Fluently’s private beta supports English to five European languages, and the startup is planning 20 language pairs for the public beta launch.
Karin explained that many platforms, which have emerged in the language industry in the past two to three years, have focused on workflow. “The real value lies in the translation,” Karin argued, “everything else is a vitamin, not a pill. I remain less optimistic about the long-term viability of any business model that focuses exclusively on workflow.”
Fluently has been working with both startups and established companies, and supply-side interest is also high. “The waiting list for vetting translators is now running into the thousands,” Karin said.
Asked how Fluently would approach project management if it wants to get rid of the “middlemen agencies” that provide it, Karin said most customers project manage their agencies and are thus effectively paying for project management twice in the first place. “The assertion that customers are incapable of managing their own translation projects is, frankly, plain arrogant,” she asserted.
However, she noted that “highly regulated verticals such as life sciences are segments that can genuinely benefit from agency competence in their niche.” But, in general, Karin believes that “we are already seeing a seismic shift in purchasing behaviors, which will ultimately spell the end for many small-to-medium-sized agencies that are not outcome-focused, agile, or technologically competent enough to provide a unique user experience.”
“I’d like to think that we are doing our bit for empowering customers and translators to become more independent so they can work together to achieve great results,” she said, “We want to demystify localization, making it a more accessible endeavor for the layman.”
Market-matching is an intriguing concept that has yet to prove it works at scale. That is what Duolingo realized, as it pulled out of translation saying it would “have to hire people focused on quality control, sales people, etc.” to scale it.
Lilt: I Know What You are Thinking. MT Powered Predictive Typing
Back in July 2015, we reached out to Spence Green, a PhD student in Computer Science at Stanford University, about one of the papers he wrote with peers, “Human Effort and Machine Learnability in Computer Aided Translation and Translation Memory: A Mixed-Initiative System for Human Language Translation.”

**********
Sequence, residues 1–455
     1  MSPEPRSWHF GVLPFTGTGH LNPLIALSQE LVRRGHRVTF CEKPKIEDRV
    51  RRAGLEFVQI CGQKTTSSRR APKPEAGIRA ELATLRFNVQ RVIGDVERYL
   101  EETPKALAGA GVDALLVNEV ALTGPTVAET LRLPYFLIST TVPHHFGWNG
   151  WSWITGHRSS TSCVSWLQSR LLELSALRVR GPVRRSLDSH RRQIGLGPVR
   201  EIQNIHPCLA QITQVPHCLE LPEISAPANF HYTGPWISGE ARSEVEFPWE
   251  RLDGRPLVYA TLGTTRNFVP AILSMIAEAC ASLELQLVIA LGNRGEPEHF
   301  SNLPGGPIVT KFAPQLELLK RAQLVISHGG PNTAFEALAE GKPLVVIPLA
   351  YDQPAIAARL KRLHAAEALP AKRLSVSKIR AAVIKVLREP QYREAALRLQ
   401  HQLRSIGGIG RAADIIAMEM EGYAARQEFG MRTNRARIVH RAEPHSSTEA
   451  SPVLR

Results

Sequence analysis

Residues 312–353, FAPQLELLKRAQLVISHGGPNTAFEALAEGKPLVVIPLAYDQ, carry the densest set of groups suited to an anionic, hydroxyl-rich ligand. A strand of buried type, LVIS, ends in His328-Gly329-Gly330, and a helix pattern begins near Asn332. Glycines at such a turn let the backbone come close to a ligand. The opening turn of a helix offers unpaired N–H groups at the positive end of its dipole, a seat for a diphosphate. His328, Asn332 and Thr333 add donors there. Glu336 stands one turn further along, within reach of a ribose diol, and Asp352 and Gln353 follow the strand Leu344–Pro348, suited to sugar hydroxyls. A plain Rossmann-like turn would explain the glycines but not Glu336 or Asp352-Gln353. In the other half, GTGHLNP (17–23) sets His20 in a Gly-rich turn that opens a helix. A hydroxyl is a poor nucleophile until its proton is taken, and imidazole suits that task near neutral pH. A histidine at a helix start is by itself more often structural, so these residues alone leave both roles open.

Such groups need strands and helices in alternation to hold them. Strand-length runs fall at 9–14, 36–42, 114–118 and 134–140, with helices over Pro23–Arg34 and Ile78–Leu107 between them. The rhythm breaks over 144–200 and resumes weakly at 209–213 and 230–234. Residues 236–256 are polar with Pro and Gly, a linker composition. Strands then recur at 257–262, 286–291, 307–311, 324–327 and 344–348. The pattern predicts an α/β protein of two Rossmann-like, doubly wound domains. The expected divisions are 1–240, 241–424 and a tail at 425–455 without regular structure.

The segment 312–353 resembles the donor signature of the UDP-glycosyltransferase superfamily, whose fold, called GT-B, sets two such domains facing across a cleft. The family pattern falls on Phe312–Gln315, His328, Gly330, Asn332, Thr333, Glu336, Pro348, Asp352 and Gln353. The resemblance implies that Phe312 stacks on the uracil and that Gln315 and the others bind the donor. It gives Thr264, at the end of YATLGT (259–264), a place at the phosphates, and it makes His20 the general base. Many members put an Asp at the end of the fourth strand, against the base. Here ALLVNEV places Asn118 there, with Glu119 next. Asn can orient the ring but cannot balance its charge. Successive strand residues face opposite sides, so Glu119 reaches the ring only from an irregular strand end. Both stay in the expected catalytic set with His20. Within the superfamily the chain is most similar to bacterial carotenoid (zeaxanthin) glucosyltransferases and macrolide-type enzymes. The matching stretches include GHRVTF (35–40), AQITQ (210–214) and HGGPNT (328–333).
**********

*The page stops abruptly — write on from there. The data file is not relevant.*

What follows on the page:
We never had that discussion. It turns out he was busy starting up Lilt with colleague John DeNero, an assistant professor of computer science at University of California, Berkeley.
Established in March 2015, the privately-owned startup has so far raised USD 650,000 in pre-seed funding from XSeed Capital. Based in Palo Alto, California, Lilt employs five full-time equivalents.
Lilt offers predictive CAT―sort of like the iPhone’s autocorrect feature―with the technology to train (in real-time) the underlying TMS to “learn” user input. Not only will Lilt’s CAT tool predict what translation users want, the entire TMS will also adapt to user specialization, vertical-specific translation patterns, and style as they work.
“Newer companies are certainly more interested in machine translation technology,” Spence said about demand for Lilt’s product, at the core of which is predictive typing and model adaptation.
Asked about the core tech that is obviously key to Lilt’s potential, Spence explained the technologies further: “Lilt offers two products: a browser-based CAT tool, and an [application programming interface] API, through which TMSs can access the adaptive machine translation backend.” These technologies allow translation predictions at typing speed as well as real-time model personalization; the platform gets smarter as it is used.
Currently, Lilt supports the language pairs English-German, -French, -Spanish, and -Portuguese, with English-Italian and -Dutch in the works.
The tech Lilt is developing seems to be something of interest to direct clients, language service providers and translators alike. At its core, it is meant to improve a translator’s productivity. So it is no surprise that the company is busy making a name for itself in the freelance translator community through sponsored webinars and promoted tweets.
Spence highlighted what he thinks is their differentiator: “Lilt is the first and only production MT system that learns from feedback in real-time.” He tempered this enthusiasm, however, with realistic expectations as regards competition: “We’re the first, but certainly not the last, company to deploy this technology.”
He said neither translators nor vendors appreciate the coming improvements to machine translation over the next couple of years, which he likened to the vast improvements introduced by phrase-based systems in the early 2000s.
“We’ve been evaluating interactive machine translation versus conventional TM as implemented by the legacy CAT tools. The productivity improvements are significant,” Spence said. He added, “We’ll release a case study in the next few weeks that, I hope, will shift discussions about CAT systems toward empirical results and away from marketing pitches.”